The 21 cosmogenic radioactive nuclides are formed by nuclear reactions in earth's upeer atmosphere. I'll point out two such isotopes which have a short half life that they only exists because they are being renewed. Both $\ce{^3H}$ (half life 12.7 years) and $\ce{^{14}C}$ (half life 5,730 ± 40 years) are renewed in earth's upper atmosphere.

Extinct Isotopes

So with 51 short-lived isotopes known, and 21 of those being detected as cosmogenic radioactive nuclides, then we are left with 30 radioactive nuclides which have short half-lives and are as Dawkins puts it either (1) extinct or (2) exist only because they are constantly renewed like the cosmogenic radioactive nuclides. At this point the gist is that Dawkins seems to hedged his analysis and use an "or" to stop his analysis. In other words it isn't yet clear that all 30 of the renaming isotopes have been detected in nature. Some may just have been detected because they were made in a laboratory. If the isotope cannot ever be detected in nature (which seems unlikely if you really were determined to find such an isotope) then it would be an extinct isotope.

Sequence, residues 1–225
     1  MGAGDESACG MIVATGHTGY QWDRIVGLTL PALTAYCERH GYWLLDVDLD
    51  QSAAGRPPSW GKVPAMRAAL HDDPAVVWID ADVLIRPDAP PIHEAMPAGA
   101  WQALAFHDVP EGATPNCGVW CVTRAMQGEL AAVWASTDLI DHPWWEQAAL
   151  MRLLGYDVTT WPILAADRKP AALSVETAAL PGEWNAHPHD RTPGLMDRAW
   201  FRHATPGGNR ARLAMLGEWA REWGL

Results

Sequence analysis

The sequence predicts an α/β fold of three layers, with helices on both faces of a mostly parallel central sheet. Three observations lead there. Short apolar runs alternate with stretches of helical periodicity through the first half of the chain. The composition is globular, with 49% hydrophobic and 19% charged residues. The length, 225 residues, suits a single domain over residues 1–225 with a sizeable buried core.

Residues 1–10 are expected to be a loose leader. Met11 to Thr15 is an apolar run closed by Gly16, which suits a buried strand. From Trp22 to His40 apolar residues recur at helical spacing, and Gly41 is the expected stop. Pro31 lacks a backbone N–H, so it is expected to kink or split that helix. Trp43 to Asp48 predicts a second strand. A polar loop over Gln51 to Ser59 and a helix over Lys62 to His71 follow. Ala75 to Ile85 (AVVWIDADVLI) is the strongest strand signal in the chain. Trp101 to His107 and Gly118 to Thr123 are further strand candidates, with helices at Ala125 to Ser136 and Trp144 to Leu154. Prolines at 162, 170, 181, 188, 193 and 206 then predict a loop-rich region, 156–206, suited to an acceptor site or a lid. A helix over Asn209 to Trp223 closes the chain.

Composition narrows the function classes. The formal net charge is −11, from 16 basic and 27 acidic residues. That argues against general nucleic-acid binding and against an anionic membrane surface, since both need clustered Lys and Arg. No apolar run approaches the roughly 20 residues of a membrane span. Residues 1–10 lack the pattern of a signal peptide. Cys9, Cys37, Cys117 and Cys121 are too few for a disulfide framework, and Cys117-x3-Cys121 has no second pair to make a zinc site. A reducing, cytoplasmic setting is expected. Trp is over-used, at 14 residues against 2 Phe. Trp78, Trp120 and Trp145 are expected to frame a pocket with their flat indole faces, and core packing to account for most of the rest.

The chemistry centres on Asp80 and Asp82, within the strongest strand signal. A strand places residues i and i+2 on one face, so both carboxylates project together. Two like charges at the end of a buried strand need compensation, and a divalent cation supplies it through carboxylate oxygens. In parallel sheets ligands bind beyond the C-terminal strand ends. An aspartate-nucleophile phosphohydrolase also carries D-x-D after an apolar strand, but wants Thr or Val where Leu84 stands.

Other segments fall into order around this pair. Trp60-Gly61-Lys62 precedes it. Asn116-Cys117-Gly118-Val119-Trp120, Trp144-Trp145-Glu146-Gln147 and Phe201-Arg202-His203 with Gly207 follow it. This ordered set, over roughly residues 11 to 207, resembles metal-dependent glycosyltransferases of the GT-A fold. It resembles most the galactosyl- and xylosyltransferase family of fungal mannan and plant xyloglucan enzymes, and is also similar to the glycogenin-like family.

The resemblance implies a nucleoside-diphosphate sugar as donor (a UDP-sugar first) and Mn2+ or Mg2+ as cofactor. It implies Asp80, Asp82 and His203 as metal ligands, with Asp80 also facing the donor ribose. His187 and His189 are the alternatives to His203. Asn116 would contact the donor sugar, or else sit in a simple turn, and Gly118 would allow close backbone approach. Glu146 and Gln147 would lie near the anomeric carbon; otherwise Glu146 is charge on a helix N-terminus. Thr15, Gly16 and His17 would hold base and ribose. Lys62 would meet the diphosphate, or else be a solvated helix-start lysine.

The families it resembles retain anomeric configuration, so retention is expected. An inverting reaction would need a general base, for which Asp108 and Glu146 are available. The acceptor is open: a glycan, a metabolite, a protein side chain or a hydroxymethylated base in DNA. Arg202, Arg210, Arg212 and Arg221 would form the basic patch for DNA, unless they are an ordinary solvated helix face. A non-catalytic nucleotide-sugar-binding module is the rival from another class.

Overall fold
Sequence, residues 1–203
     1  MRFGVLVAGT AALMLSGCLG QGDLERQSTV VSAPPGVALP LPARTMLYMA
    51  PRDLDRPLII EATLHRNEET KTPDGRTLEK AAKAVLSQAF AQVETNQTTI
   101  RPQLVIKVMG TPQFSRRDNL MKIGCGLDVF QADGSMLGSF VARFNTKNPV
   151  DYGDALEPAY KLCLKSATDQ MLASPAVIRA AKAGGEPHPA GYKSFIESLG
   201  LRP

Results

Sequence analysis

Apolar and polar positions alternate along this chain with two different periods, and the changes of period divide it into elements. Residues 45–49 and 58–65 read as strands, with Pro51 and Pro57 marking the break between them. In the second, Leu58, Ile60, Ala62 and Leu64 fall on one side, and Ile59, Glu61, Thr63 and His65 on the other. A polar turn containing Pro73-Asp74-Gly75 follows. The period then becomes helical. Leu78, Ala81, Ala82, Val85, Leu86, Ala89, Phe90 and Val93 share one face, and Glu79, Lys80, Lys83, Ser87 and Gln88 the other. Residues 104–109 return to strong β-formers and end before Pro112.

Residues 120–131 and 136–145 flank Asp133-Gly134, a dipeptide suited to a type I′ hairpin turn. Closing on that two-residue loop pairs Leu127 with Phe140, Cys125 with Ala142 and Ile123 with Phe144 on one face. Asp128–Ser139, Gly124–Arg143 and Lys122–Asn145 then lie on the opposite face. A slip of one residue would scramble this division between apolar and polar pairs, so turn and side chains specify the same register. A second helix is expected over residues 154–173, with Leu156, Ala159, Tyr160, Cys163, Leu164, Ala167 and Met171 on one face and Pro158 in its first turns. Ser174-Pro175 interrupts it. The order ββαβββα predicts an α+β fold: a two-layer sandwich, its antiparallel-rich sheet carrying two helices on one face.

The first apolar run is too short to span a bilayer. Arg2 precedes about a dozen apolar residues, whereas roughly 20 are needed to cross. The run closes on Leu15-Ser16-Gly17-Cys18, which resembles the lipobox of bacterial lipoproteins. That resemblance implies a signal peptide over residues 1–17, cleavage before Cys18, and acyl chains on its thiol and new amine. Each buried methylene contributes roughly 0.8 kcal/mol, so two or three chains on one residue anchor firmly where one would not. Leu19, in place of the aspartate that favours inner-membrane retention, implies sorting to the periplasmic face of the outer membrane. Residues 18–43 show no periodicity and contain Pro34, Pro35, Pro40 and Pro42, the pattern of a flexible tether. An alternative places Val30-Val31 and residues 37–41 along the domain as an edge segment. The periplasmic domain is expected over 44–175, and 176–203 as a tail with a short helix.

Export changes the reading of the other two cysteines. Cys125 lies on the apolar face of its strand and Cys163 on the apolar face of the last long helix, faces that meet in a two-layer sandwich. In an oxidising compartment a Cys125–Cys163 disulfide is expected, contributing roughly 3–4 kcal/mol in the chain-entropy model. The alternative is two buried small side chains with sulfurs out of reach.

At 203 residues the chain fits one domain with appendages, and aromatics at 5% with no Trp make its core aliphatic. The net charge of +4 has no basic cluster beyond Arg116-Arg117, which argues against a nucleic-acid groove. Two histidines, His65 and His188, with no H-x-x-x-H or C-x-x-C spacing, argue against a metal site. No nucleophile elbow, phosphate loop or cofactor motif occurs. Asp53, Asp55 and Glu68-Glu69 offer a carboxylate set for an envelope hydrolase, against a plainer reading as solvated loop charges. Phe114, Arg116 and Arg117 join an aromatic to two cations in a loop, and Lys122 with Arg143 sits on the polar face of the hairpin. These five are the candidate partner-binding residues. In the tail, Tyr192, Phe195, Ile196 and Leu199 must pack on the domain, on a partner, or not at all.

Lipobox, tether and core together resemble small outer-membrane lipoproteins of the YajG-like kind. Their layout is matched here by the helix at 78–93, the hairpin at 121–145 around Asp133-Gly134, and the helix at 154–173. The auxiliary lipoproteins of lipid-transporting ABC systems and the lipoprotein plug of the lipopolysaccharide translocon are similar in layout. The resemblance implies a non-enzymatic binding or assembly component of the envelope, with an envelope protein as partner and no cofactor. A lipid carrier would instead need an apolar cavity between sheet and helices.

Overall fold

Thus one definition of an extinct isotope is:

an isotope which would have been created in the big bang or a supernova, but presently undetectable on earth.

This of course leaves an ambiguity if any particular atom of such an isotope survived from the big bang or a supernova long enough to actually be present when the earth formed, yet be undetectable today on earth. All in all this seems unlikely.